The role of digital transformation in the growth of the RegTech sector cannot be overstated, but a number of complex challenges and barriers to more widespread adoption remain. Launching A-Team Group’s two day RegTech Summit, this first panel brought together a group of leading industry figures to discuss the major compliance issues from the perspective of both the regulatory bodies and the financial institutions as the industry looks ahead to 2022.
Martha Cummings, Global senior risk and compliance executive, formerly of Wells Fargo, Santander and the US Federal Reserve, moderated the panel, which consisted of: JoAnn Barefoot, CEO and Co-Founder, Alliance for Innovative Regulation (AIR); Sholthana Begum, Head of RegTech, Bank of England; Ian Hollowbread, Head of RegTech, ING Labs; and Kirsty Rutter, Group Head of Technology and Change Risk, Lloyds Banking Group.Cummings began by asking the panellists to share their thoughts on the impact digital transformation has had on financial institutions, the regulators and regtech solutions. Panellists explained that they are now slowly seeing how they can support and enable the different support functions, such as risk finance and compliance, and really bring “digitalisation to life”. They also thought that was true not only for financial institutions, but also for the regulators and regtech and that the focus on digitalisation is really strong in this space currently.
Room for improvement
However, one panellist warned that like fintech, the word regtech can mean many things to many different people. They argued that the particular challenge was with regtech the product, as many larger organisations find they have to adapt to the way that the external market has solved the problem and not necessarily the other way around. According to the speaker, this can be both a gift and a challenge because it forces some innovation internally, but it also proves challenging for the engagement of those regtech solutions.
Technology also continues to surprise the financial service industries, another panellist added. Even considering the impact of the pandemic, regtech keeps on growing, certainly from the UK/EU perspective, they said. The panellist shared recent data which suggests that in 2019, regtech deals had reached $7.2 billion, which then increased in 2020 to $8.3 billion. They added that the number of deals completed stood at 348, which they argued demonstrated the breadth and width of regtech solutions being offered out into the industry. The panellist noted that this also bucks the expected trend for lower technology spend at a time of uncertainty and risk elevation, but instead we’re seeing an acceleration in demand for regtech and technology solutions.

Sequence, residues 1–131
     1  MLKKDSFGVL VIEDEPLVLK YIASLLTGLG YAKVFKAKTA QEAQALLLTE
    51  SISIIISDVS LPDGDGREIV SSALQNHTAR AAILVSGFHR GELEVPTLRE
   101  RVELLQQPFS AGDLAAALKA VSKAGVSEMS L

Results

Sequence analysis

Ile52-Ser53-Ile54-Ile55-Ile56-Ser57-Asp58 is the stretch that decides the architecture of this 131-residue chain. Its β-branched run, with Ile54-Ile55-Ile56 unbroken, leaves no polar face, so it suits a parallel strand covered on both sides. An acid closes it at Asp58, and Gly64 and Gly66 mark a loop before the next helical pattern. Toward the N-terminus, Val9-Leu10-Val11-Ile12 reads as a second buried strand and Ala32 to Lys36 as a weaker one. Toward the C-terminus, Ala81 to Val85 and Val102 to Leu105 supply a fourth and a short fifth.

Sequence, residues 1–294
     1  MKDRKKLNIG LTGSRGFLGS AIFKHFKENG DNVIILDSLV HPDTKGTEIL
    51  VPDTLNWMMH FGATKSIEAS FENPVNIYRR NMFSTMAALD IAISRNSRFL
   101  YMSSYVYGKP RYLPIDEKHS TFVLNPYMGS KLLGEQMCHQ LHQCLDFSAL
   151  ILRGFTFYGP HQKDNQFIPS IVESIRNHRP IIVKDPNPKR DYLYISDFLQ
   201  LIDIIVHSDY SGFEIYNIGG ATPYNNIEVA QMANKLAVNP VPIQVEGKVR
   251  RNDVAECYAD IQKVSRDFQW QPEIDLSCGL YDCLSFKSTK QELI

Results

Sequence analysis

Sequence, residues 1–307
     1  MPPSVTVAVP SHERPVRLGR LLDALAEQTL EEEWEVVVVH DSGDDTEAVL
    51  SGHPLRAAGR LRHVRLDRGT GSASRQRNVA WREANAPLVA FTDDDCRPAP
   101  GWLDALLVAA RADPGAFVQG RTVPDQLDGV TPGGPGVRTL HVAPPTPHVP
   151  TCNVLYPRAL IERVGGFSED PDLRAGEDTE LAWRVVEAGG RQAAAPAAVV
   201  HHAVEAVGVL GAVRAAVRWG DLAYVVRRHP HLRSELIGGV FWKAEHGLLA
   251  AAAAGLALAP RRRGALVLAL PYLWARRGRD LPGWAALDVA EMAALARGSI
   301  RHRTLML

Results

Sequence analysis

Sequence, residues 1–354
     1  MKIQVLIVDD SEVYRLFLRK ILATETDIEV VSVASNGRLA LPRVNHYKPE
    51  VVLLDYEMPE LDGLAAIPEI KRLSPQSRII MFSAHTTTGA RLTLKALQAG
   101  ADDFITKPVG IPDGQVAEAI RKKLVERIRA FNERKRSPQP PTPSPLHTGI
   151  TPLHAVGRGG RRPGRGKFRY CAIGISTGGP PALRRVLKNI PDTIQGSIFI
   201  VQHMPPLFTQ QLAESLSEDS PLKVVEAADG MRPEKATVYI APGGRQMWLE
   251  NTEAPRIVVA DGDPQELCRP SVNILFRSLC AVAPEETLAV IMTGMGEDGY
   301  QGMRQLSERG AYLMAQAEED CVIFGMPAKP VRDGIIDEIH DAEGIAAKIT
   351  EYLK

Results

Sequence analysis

Another panellist added that the digitisation of the industry was inevitable, but it is taking longer than a lot of people thought it might. In addition, they felt that the industry had reached an inflection point which would lead to a breakthrough. While there is almost a log jam of great solutions, one leading issue which stood out to the speaker was that of money laundering and KYC. They noted that it is one area where the consensus is that the way it is being done no is really badly broken. The industry spends more money in that area than any other compliance area, according to the panellist, and yet a recent UN estimate suggested that we are still catching less than 1% of global money laundering. “We’re obviously doing something wrong,” the speaker added.
Barriers to greater adoption
As an industry, we also now really need to start looking at the 360 degree view of regtech, instead of looking at in silos across institutions, noted another panellist. “Until you do that, you don’t really understand that the half of the banks are still probably being run from Excel spreadsheets and that the risk of doing that is by far greater than the risk of utilising some of these emerging technologies to solve the problem,” they added. The way to do that is to connect with the enterprise architects, the technology teams, the business teams, and many in banking have had to learn the alternative is more painful than going on this journey.
The moderator then turned to look at the results of the audience poll which had been running throughout the panel and which posed the question: What do you consider to be the biggest challenge or barrier for adopting regtech in your organisation? Cummings noted that the leading barrier according to the poll was mindset and cultural challenges, followed by legacy systems and vendor risk of working with third parties quite far behind those two leading reasons at just 9% of the vote. She added that this was quite encouraging as regtech firms are often new to the market and don’t have a strong track record. Too many point solutions and not enough synergies in the market also secured 9% of the vote, while unproven solutions and unproven ROI had not been voted for at all, which Cummings said was surprising.
Rounding out the panel, the final speaker said that the regulators can play an important role in bringing together the industry to share information, understand the practical changes of using certain types of technologies, the barriers to deployment, the potential risks and to gather views on principles, guidance, regulation and governance. “That governance has to become dynamic, and that is a big change for the industry as a whole,” they said. “But the regulators also need to be involved in the regtech space. It’s not good enough to stand still.”